small talk

It is with some disappointment, in myself and in the world in general, that I notice how the weather has become a topic of conversation for me. And not just a topic of conversation, not just a tiny grape on the casual-chat hors d’œuvres platter. No, it’s become the herb-encrusted wedge of brie, the last slice of Humboldt fog, that awesome cracker that the Cowgirl Creamery makes that I never remember the name of. Weather’s not just a topic of conversation—it’s a deeply interesting one.

With strangers and acquaintances and loved ones and pals, I want to share my opinion of the rain (low), my judgment in regards to the force and size of the storm (whew! boy howdy! it’s a doozy!), exactly how wet I got and how far up my legs the puddles crept (so wet! to my knees!) whether last year was as bad as this year (practically a drought last year! so strange, all this water that falls from the sky), the way the buses run (poorly) and pedestrians handle their umbrellas (extra super duper poorly), the chances of it continuing to storm like this (hopefully not—but December is usually wet ‘un, you know), and comparing weather war stories (I was waiting for the bus in the rain for 18 hours after my umbrella blew inside out and my coat suddenly melted from my shoulders and when the bus finally arrived it screeched so quickly into the stop that it ripped my pants off and splashed me head-to-toe with muddy water and then I smelled like wet dog for three weeks, caught the flu, and died!)—all the time nodding sagely and rolling our eyes in camaraderie and acting like old hands on an old farm who have been ‘round the old barn a time or two, and boy are those puddles deep (wet to the knee), and we end it all by shouting, gaily, “Stay dry! Ha ha ha!” as we charge back out into the storm and our next conversation about the weather.

I really, really dislike adopting that know-it-all, they say, old hat
and worldly-wise persona, and I can’t help it. I just can’t seem to
help it, when someone in line with me makes some throwaway “How is it
out there?” kind of remark that doesn’t need a reply, but here I am
with my reply anyway, because aren’t I a giver? And then I’m talking
out my ass about meteorology and we’re bonding over point pressures and
7-day forecasts and oh my God, my feet are wet too! Let’s be friends! And it is ridiculous and no one cares about the weather except that I
suddenly do. I have been sucked into the vortex of vapid small talk,
and I can’t escape.

I mean, the rain is everywhere—it keeps falling out of the sky with
no concern whatsoever for the feelings of others and it gets in your
collar and your eyes and fogs up your glasses and it’s really bad out
there, and I hope it lets up soon. I have clothes shopping to do. I got
caught in a downpour on Saturday. The train never came, and I had to
walk to a bus, and I was stupid enough to wear sneakers, and by the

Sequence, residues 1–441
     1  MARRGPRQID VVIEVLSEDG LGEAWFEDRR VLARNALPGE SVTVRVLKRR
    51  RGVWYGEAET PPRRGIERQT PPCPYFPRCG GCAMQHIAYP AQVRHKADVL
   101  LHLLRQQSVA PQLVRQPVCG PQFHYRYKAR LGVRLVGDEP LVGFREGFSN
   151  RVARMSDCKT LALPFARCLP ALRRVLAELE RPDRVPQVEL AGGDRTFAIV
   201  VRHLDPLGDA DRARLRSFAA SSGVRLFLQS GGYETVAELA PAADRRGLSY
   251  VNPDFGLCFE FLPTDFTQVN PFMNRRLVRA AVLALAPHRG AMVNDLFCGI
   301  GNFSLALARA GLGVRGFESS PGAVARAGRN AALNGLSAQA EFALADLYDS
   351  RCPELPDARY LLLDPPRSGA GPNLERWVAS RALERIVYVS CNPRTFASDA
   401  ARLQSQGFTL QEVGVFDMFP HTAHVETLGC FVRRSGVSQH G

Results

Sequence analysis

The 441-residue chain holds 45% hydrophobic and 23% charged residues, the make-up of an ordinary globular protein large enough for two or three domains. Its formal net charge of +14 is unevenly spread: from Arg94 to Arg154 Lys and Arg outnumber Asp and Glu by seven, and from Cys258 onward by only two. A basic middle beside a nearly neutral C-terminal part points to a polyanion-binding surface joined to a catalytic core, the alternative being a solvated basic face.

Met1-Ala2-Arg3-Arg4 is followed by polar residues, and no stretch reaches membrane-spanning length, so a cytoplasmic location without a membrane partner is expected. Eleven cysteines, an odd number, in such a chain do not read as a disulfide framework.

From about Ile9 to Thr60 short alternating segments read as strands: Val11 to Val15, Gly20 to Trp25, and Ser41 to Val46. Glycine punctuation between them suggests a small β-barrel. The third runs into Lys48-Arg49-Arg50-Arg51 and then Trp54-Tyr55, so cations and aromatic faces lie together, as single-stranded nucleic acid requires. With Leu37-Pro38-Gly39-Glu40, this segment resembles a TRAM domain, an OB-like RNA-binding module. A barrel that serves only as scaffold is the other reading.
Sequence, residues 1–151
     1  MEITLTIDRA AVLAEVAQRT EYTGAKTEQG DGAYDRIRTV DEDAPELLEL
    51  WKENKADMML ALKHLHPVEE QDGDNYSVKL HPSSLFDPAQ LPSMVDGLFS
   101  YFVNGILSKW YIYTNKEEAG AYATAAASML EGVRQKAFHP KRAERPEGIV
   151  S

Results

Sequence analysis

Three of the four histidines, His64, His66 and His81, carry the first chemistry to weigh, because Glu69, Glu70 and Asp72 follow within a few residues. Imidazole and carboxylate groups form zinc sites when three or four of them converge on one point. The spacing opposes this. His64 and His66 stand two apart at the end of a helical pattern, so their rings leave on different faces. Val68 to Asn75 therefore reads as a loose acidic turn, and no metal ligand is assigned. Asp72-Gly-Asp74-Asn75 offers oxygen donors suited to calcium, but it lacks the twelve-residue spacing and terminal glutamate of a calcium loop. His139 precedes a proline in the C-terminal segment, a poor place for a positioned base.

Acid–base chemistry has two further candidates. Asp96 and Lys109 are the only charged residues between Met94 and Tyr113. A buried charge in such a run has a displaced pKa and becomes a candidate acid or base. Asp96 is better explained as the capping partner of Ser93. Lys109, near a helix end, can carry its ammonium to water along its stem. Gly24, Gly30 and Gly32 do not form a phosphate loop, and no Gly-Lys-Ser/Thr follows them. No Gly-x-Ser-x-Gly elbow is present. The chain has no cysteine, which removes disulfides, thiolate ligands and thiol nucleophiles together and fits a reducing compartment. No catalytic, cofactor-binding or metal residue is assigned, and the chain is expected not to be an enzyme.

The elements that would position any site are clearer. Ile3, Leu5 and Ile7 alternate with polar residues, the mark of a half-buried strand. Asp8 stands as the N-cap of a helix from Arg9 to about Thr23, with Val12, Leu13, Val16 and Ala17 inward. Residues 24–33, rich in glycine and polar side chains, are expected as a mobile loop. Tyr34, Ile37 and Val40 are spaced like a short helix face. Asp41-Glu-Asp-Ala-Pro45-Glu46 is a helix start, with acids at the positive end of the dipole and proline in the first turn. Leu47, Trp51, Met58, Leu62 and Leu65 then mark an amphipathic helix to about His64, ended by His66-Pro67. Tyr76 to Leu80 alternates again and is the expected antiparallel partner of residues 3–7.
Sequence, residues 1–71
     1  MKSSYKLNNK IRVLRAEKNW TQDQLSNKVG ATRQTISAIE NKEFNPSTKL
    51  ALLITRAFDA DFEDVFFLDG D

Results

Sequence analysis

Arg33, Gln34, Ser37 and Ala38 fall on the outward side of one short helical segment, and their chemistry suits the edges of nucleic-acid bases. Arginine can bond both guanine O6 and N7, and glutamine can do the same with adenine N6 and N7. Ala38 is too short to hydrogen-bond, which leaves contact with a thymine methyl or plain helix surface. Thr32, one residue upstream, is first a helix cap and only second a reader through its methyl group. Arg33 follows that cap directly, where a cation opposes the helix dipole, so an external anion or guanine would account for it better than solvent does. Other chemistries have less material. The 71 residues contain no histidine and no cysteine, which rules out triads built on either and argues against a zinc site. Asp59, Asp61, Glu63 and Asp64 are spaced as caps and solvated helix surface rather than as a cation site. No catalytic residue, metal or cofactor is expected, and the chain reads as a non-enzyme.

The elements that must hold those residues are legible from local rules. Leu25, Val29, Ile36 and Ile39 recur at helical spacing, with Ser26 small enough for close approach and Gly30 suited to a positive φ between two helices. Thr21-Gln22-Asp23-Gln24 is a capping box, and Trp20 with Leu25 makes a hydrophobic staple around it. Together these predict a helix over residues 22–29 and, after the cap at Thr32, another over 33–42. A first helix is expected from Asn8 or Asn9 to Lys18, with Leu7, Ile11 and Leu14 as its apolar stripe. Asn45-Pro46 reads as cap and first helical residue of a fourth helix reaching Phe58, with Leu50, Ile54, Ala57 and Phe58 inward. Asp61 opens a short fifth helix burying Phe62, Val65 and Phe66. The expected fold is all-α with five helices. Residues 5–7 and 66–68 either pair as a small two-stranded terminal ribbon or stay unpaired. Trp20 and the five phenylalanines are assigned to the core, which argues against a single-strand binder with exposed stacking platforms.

time I got to Macy’s, I was wet to the knees. Man.

  5 comments for “small talk

  1. November 12, 2007 at 8:51 pm

    We do that at my job all winter when it thinks about snowing – jump on whoever just was outside and dissect the weather for several minutes, whether it might snow, whether it is cold, whether the winter is different than last year. Weird how weather is such a huge topic of conversation when there is any sort of change in it.

  2. November 12, 2007 at 9:36 pm

    Awh, it’s not so bad. Discussing weather is one of the only sure-fire ways we have of connecting with total strangers. We’re social animals — we need to make little connections with each other. If discussing the weather accomplishes that, then I think it’s all good.

  3. November 13, 2007 at 6:56 pm

    Sounds like I need to move up there! We’d kill for a little bit of rain here in Orange County. It is so incredibly dry! One of the top things I miss most about my home state of Missouri is the thunderstorms. I’ve lived here in California three years and have heard thunder maybe three times and haven’t been in a real downpour in at least 2 1/2 years. I’m ready to start a rain dance!

    I’ve always been a wet weather kind of girl and I doubt I’ll ever learn to love this (much) drier climate.

  4. November 13, 2007 at 6:56 pm

    Sounds like I need to move up there! We’d kill for a little bit of rain here in Orange County. It is so incredibly dry! One of the top things I miss most about my home state of Missouri is the thunderstorms. I’ve lived here in California three years and have heard thunder maybe three times and haven’t been in a real downpour in at least 2 1/2 years. I’m ready to start a rain dance!

    I’ve always been a wet weather kind of girl and I doubt I’ll ever learn to love this (much) drier climate.

  5. November 13, 2007 at 6:56 pm

    Sounds like I need to move up there! We’d kill for a little bit of rain here in Orange County. It is so incredibly dry! One of the top things I miss most about my home state of Missouri is the thunderstorms. I’ve lived here in California three years and have heard thunder maybe three times and haven’t been in a real downpour in at least 2 1/2 years. I’m ready to start a rain dance!

    I’ve always been a wet weather kind of girl and I doubt I’ll ever learn to love this (much) drier climate.

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